DENVER — Even before stepping foot inside the Colorado capitol Tuesday, state lawmakers could tell things were different.
Some of the doors they normally use to get into the building were blocked off; everyone was being funneled to the south entrance where medical volunteers wearing blue masks took people’s temperatures and asked everyone coming in questions like, “Have you had a sore throat?” or “Have you had any flu-like symptoms?”
Visitors whose temperatures were below 100.4 degrees and who haven’t had any symptoms were given a red wristband and directed inside. Those with a temperature above that were encouraged not to enter (though this is only guidance and people weren’t explicitly kept out of the building.
Stepping inside the marble halls, the notable changes continued. Stairwells were marked with red signs indicating “Up Only” or “Down Only” to keep people from passing one another in the narrow corridors. The normally packed basement food area was barren with the seats blocked off by caution tape and benches, and seats in the hallways had signs telling people they couldn’t sit down.
“It’s obviously strange,” said Rep. Patrick Neville.
Inside the House and Senate chambers, were even more changes. Plexiglass barriers were set up between the desks of lawmakers, and most people were wearing masks. The microphones where legislators speak were also covered with paper cloth.
Some legislators even volunteered to move their workstations up to the gallery on the balcony above the floor where visitors normally sit in order to spread out.
“We are trying to make sure that we are social distancing and that we’re safe. Our staff is worked around the clock to try to create the safest environment that we have,” said House majority leader Rep. Alec Garnett.
For the House, that meant members, who normally use an electronic voting machine, had to shout their votes from up above to be counted. As vote after vote happened, it took a little while for lawmakers to find their rhythm.
“For the most part, you’re going to see the legislature adapt to get back to work and hopefully do it in a collaborative way,” said Rep. Garnett.
From her Lakewood home 20 minutes away, Senator Brittany Pettersen watched on her computer as her colleagues got back to business. Sen. Pettersen chose to stay home for the first day of the session for the sake of her family.
“My husband has an autoimmune disease, and I have a 4 1/2-month-old at home,” she said.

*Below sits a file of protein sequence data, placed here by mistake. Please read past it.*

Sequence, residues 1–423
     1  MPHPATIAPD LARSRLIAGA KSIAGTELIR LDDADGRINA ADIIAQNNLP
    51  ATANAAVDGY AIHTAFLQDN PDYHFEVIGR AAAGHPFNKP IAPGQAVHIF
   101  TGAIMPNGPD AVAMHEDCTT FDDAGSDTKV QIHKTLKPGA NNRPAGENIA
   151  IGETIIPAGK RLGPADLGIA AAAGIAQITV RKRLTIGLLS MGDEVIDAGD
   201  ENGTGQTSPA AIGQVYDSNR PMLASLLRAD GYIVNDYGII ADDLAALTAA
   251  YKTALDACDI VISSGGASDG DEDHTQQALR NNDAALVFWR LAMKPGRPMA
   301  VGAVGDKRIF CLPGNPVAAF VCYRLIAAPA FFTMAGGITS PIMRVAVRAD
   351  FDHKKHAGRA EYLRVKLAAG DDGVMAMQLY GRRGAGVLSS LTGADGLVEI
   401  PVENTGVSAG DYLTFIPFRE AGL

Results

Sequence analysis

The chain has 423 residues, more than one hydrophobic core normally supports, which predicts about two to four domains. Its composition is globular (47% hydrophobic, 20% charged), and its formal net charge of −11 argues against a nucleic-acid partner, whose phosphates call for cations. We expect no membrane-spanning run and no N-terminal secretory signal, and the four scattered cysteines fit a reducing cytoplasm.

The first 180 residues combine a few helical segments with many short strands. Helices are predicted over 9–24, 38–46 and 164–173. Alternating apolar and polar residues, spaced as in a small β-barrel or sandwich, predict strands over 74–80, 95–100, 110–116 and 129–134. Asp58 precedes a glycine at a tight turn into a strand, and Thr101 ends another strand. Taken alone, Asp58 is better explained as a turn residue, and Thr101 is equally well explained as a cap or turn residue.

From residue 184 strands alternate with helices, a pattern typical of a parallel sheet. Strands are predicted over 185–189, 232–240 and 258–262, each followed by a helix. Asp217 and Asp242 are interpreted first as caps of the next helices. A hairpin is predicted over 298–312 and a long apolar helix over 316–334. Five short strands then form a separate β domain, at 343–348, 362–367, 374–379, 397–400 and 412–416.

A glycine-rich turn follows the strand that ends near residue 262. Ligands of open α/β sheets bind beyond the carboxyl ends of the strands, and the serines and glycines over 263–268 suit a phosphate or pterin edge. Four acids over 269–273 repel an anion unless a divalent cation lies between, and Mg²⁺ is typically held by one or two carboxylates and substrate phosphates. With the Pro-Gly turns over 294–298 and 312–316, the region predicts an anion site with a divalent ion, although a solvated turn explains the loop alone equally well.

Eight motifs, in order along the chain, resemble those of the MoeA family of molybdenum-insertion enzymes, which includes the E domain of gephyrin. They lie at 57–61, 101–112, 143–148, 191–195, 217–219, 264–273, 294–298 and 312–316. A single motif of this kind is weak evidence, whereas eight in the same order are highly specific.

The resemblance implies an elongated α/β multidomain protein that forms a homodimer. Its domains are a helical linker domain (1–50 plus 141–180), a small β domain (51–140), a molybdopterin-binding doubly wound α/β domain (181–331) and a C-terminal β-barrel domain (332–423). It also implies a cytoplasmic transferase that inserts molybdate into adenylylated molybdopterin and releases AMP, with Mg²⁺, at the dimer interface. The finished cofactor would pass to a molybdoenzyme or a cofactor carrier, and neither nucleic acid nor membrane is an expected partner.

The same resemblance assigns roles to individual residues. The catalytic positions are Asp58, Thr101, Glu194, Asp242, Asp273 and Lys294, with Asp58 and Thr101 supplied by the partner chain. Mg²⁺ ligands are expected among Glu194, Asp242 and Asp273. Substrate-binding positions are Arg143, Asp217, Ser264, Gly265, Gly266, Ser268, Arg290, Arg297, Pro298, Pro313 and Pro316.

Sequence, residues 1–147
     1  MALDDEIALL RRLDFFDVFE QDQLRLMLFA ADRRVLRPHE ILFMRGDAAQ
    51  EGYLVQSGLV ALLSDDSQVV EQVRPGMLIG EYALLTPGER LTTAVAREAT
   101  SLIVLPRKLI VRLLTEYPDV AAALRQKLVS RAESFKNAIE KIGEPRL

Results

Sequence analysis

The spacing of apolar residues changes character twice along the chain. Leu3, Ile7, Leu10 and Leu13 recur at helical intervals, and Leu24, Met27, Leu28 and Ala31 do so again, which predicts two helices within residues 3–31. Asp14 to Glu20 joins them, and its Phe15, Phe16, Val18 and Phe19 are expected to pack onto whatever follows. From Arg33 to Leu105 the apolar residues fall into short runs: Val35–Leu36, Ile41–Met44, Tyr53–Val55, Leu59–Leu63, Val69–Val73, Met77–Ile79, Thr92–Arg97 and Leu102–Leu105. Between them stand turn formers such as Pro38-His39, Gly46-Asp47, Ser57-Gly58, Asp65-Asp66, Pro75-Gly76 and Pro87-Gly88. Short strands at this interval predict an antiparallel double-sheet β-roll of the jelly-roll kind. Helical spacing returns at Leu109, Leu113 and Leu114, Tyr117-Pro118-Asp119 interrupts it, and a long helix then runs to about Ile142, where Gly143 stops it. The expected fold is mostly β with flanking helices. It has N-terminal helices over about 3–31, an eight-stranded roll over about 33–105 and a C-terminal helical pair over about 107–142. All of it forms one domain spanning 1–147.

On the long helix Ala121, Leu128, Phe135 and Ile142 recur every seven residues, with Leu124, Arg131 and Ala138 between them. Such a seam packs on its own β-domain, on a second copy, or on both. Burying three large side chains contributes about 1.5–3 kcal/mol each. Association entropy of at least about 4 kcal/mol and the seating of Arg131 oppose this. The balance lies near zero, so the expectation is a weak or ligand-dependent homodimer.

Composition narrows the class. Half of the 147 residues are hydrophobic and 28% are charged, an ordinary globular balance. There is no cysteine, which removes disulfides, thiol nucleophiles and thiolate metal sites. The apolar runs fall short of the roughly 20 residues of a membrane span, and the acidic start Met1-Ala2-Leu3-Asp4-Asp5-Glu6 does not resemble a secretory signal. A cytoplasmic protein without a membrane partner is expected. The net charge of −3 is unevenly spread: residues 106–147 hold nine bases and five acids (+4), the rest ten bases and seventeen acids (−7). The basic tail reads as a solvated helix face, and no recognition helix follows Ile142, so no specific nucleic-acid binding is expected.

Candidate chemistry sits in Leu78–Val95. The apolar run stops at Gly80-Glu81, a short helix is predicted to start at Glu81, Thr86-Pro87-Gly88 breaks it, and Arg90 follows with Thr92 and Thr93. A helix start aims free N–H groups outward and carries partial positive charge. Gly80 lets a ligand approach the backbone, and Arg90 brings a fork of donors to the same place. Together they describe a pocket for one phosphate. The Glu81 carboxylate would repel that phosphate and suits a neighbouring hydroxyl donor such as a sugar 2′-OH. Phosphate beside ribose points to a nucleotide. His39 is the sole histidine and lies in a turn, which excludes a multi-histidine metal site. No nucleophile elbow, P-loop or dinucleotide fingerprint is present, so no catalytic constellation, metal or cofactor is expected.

Even with all the new safety measures in place, she was worried about returning to the poorly ventilated building with so many people in close proximity.
“Today, the first day, you saw a lot of people from one side of the aisle who refused to wear masks. That’s sending the wrong message to Coloradans, and it’s also putting your colleagues and their families and communities in danger,” Sen. Pettersen said.
She is planning on returning to the capitol when her bills are being debated on the floor, and during various votes, however, she doesn’t want to expose her family to more risk than she has to.
It’s one of the reasons why this week, Democrats are planning to introduce a resolution that would allow members to participate remotely in some instances. For Sen. Pettersen, the resolution is about leading by example. If the governor is telling people not to gather in large groups and stay home when possible, lawmakers should do the same.
“Being there isn’t necessary all of the time, and we’re creating a system where we can do this safely. It is hard; I mean, I would rather be there. I think everyone feels that way,” she said.
Rep. Garnett says the changes will only last while the state is under an emergency declaration. However, Rep. Neville doesn’t agree with the prospect.
“I have major concerns if we’re saying we’re going to allow legislators to do that but not allow the same for citizens,” he said.
He contends that if lawmakers are allowed to participate remotely, the public should be allowed to offer remote testimony as well.
Several bills from before the recess have already been postponed indefinitely, meaning they are done for the rest of the session. Several other COVID-19 response bills will be introduced in the coming days.
For now, lawmakers are adapting to all of the changes in the building and the legislative process as they brace for a long few weeks ahead.